New research is revealing surprising
triggers for cardiovascular disease (CVD), the leading killer of
Americans. Being aware of these
lesser-known risk factors, and taking the right steps to combat them, could greatly
reduce your chances of a heart attack or stroke. Here’s a guide to 7 hidden CVD
risks and how to protect yourself.
Risk #1: Watching TV. Couch potatoes beware: Too much TV can be
fatal, a study reported in February. People who devoted more than four hours a
day to screen-based entertainment—mainly watching the tube—during their leisure
hours have more than twice the risk for heart attacks and other cardiovascular
events over a four-year period, compared to those who spent less than two hours
a day in front of a screen. Another compelling reason to limit screen time:
People who spent the most time watching TV had a 50 percent higher risk of
dying prematurely from any cause, even if they also exercised.
Risk #2: Snoring. Frequent loud snoring can trumpet obstructive
sleep apnea (OSA), a dangerous disorder that lifts heart attack and stroke
risk, if untreated. OSA (bouts of interrupted breathing during sleep) often
goes undiagnosed because people aren’t aware of the symptoms, which include
waking at night for no apparent reason and unexplained daytime drowsiness. If
you fit this profile, ask your doctor to order a sleep study. Because OSA
mainly affects people who are heavy, treatment typically involves weight loss
and in some cases, continuous positive airway pressure (CPAP), a device that
blows moist, heated air into your nose and mouth while you sleep.
Risk #3: Gum disease. Brushing and flossing regularly could head off
a heart attack. People with periodontal (gum) disease are nearly twice as
likely to have heart disease than those with healthy gums. That’s because the
same bacteria that cause gum disease can also spark inflammation inside the
body, damaging blood vessels. One in three adults over 30 have gum disease and
millions of them don’t know it. Ask your dentist to check your gums. A recent
study found that periodontal treatment also improves blood vessel health—giving
you a lot to smile about.
Risk #4: Psoriasis. Here’s the real heartbreak of psoriasis: It
hikes the risk for heart attacks, stroke, and peripheral artery disease
(clogged vessels in the legs) as much as smoking does. Blame inflammation,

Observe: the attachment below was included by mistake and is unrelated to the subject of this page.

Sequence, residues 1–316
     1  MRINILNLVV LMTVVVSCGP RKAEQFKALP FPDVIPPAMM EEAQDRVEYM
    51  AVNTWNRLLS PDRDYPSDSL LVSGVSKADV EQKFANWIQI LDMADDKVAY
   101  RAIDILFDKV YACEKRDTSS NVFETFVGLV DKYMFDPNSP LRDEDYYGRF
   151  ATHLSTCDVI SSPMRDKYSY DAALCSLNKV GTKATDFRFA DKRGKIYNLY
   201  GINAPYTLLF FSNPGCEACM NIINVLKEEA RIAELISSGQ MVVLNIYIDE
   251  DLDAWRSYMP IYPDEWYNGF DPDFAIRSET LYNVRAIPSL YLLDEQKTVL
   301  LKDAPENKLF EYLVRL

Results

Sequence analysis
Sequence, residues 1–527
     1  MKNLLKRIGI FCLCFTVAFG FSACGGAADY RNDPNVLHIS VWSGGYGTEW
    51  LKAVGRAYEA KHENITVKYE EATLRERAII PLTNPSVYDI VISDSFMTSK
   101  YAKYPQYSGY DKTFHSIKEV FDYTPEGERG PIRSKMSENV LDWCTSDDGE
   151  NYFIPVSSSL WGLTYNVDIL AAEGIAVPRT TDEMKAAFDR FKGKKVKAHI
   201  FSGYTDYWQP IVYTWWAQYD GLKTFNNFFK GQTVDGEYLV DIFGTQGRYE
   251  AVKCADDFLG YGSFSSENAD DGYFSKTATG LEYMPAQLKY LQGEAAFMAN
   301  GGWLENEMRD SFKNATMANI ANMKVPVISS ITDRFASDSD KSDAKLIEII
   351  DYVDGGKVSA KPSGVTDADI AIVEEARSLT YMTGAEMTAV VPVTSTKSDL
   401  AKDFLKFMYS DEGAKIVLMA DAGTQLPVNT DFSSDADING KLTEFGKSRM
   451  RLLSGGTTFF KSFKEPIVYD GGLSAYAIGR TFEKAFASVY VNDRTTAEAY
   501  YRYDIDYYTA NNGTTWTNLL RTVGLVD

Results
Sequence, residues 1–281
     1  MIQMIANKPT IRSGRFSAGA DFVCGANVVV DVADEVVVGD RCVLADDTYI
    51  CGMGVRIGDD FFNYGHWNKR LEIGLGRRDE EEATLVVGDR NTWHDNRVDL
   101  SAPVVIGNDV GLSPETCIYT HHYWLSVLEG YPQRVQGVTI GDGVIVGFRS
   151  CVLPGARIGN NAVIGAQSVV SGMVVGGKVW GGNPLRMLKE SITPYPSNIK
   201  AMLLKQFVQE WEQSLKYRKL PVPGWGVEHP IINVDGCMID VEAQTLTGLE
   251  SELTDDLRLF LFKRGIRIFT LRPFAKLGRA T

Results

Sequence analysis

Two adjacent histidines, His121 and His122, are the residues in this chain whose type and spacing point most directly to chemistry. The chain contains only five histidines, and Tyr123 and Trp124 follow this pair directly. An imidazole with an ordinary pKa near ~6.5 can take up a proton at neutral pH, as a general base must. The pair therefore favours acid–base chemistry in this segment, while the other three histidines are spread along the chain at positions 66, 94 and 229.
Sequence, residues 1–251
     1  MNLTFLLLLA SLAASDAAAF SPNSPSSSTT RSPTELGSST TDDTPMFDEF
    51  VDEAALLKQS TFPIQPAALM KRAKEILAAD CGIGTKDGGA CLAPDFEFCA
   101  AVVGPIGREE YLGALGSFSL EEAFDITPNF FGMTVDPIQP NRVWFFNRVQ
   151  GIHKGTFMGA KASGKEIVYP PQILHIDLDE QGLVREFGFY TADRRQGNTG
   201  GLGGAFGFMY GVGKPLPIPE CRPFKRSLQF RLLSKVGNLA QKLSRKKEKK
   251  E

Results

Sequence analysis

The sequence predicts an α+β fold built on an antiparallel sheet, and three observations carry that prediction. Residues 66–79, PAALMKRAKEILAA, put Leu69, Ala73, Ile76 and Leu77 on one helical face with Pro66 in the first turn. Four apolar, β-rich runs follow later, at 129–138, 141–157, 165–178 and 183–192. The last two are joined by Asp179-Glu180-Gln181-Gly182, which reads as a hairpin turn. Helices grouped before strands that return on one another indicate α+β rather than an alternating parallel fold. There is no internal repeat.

which triggers the dry scaly patches, itching and burning of this chronic skin
disorder. (Joints and organs can also be affected.) Some studies suggest that
aggressively treating psoriasis may trim CVD risk.
Risk #5: Migraines. Women who have migraine headaches with an aura
(visual disturbances, such as flashing lights) at least once a week have
quadruple the risk for stroke. One surprising theory: These headaches are
linked to a common defect called patent foramen ovale (PFO), in which a hole
between the heart’s two upper chambers that normally closes at birth remains
open, sometimes leading to blood clots. Experts advise women who have migraines
with aura to avoid birth control pills, which raise blood clot risk. One in
four Americans have PFO, which is tied to increased stroke risk, particularly
in those under age 55. To reduce the
threat, people with PFO or migraines should follow the same heart-smart steps
as everyone else, including shunning smoking and maintaining a healthy weight.
Risk #6: Vitamin D deficiency. Up
to 50 percent of Americans have low levels of the sunshine vitamin, doubling
their risk for heart attack and stroke. A relaxing solution: Sit in the sun and
sip wine. The sun’s rays stimulate your body to produce vitamin D, while a
recent study reports that drinking two 6.8 ounce glasses of wine a day raises
women’s levels of HDL (good) cholesterol and lowers inflammatory markers. Men
get similar benefits at a slightly higher level of consumption.
Risk #7: Pregnancy complications. Gestational diabetes, third
trimester bleeding, or birthing a baby who is small for gestational dates can
foreshadow future heart disease and strokes, warn new American Heart
Association guidelines for women. Pre-eclampsia (high blood pressure during
pregnancy) doubles risk for CVD and dangerous clotting in veins during the five
to 15 years after pregnancy. The AHA advises at least 150 minutes of moderate
exercise per week (or 75 minutes of vigorous exercise), plus a diet rich in
fiber and low in fat, salt and sugar.